With this week’s portion, Ha’azinu, we come to the next to last portion for the year. We know how the story ends, as does Moses, for as soon as he finished this final poem, he is called by God to ascend a mountain upon which he will die. (32:48-52). You read the portion with a sense of sadness as this is Moses’s final discourse. He proclaims God’s power and prominence and vividly again warns the people of the consequences of straying from the “path” and idolatry.
At the very beginning , however, we read another famous passage. Moses, attempting to recall the Wilderness experience reminds the Israelites to “Remember the days of old, Consider the years that have passed. Ask you father, he will tell inform you, Your elders ,they will tell you (32:7) How fitting for our generation and equally, for our time. Judaism is a religious civilization that cannot be divorced from history. If we do not remember where we have come from and who brought us here, we will be doomed. Sadly, we see this now. We have, in many ways, forgotten history. So few people study it, that we are repeating past errors and falling victim to past themes.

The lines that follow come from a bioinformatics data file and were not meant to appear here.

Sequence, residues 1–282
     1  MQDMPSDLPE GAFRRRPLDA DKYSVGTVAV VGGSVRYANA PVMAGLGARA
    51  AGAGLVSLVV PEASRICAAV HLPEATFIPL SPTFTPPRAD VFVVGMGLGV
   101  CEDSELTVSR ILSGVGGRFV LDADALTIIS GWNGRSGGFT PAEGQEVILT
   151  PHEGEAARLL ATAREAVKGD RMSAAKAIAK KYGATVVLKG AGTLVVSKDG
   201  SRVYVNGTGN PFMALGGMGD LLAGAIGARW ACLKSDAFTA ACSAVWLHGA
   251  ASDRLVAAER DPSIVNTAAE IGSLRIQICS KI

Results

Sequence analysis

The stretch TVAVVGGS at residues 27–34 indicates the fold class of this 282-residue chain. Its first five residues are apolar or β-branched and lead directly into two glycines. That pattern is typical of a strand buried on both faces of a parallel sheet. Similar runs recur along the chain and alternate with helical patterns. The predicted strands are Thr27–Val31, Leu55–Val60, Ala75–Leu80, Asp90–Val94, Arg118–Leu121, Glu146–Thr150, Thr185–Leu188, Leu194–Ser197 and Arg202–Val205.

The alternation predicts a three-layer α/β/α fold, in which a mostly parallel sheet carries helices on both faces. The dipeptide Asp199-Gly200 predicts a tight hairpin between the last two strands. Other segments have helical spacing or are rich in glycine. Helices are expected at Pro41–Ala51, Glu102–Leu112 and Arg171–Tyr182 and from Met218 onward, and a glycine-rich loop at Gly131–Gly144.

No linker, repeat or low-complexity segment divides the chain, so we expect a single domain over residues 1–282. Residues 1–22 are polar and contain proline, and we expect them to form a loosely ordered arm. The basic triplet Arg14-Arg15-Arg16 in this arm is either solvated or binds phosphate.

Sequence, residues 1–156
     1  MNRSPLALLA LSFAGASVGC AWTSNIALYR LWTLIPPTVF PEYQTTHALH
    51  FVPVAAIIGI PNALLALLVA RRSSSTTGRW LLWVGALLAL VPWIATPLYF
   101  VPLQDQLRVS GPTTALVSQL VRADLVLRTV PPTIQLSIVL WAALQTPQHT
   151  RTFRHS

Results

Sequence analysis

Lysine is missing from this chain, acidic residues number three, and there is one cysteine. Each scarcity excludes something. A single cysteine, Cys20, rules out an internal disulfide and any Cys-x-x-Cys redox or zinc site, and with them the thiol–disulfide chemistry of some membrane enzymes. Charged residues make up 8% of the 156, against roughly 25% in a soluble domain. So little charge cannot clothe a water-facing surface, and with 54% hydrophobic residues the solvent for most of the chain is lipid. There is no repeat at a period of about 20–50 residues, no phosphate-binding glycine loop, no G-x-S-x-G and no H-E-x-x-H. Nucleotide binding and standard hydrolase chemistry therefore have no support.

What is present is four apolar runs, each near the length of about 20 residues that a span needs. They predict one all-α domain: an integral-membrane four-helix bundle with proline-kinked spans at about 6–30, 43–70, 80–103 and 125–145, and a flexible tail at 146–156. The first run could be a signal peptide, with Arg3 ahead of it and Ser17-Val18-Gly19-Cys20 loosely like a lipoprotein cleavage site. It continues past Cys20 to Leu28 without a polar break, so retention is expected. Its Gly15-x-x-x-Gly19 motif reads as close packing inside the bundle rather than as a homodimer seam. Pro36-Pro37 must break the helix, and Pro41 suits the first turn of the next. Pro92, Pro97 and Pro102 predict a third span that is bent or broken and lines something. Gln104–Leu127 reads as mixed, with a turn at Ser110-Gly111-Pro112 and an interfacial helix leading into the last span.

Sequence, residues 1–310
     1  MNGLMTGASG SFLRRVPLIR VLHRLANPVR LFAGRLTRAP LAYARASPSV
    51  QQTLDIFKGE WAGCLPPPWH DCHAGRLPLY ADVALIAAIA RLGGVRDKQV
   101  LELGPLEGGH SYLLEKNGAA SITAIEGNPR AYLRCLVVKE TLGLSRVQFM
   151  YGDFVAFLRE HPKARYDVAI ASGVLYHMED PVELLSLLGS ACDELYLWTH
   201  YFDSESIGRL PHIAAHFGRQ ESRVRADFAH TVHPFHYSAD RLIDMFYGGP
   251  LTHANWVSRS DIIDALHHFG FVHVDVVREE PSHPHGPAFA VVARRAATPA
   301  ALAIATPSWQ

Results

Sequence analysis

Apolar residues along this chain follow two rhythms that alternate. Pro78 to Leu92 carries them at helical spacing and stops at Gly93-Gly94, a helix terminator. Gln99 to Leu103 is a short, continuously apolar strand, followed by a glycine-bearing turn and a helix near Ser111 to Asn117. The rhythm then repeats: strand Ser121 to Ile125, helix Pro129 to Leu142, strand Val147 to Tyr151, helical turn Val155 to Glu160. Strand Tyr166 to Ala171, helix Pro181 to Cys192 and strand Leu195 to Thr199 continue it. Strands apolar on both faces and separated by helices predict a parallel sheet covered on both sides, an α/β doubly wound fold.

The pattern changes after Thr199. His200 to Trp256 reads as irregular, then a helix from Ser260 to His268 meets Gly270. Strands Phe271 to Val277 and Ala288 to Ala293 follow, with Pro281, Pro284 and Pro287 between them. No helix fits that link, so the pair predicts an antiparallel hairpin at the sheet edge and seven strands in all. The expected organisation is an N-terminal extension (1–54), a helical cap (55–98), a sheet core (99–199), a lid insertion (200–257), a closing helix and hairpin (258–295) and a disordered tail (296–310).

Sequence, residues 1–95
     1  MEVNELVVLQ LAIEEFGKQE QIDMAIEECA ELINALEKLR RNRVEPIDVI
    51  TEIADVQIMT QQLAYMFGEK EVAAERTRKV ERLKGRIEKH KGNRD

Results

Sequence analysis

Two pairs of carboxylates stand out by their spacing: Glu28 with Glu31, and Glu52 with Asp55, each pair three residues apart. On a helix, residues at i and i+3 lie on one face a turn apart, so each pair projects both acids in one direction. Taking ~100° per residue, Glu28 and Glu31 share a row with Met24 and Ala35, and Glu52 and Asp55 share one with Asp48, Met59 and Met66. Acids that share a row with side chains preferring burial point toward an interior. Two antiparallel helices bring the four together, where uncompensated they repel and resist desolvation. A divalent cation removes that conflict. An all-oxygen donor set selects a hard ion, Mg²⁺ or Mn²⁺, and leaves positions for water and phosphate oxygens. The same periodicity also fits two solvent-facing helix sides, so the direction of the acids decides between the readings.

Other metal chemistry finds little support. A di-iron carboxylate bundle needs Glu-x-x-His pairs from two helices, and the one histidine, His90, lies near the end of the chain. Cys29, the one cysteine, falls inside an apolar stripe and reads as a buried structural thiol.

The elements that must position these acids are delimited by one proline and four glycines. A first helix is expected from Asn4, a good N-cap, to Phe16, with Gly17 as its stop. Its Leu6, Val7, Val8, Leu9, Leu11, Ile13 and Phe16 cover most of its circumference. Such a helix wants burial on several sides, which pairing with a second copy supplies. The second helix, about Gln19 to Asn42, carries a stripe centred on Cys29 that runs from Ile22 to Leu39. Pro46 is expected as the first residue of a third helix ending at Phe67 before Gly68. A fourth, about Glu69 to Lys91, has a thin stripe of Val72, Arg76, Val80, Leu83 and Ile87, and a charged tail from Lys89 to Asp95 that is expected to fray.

The High Holidays are, in many ways, a reminder that we do wrong to forget the past. Not only the Yizkor service on Yom Kippur, but throughout the Holiday liturgy we are reminded that we have survived, that we cannot forget from whence we came. We translate that concern as well to families. Why have so many Boomers become interested in genealogy? I submit it is like this portion suggests. We wish to remember the people on whose shoulders we stand. Why have so many people now renewed an interest in the Ethical Will? It is also the idea of legacy, of what of us we wish to leave behind.
This verse in this portion speaks to so much of what our modern society forgets; a sense that we are all part of an evolving historical chain, that we do not exist alone and that to forget that dooms us to self worship. Remember and consider. Seek out the wisdom of the experience of the elder. You may be surprised as to what you learn.
Shabbat shalom. G’mar Tov. Tzom Kol
Rabbi Richard F Address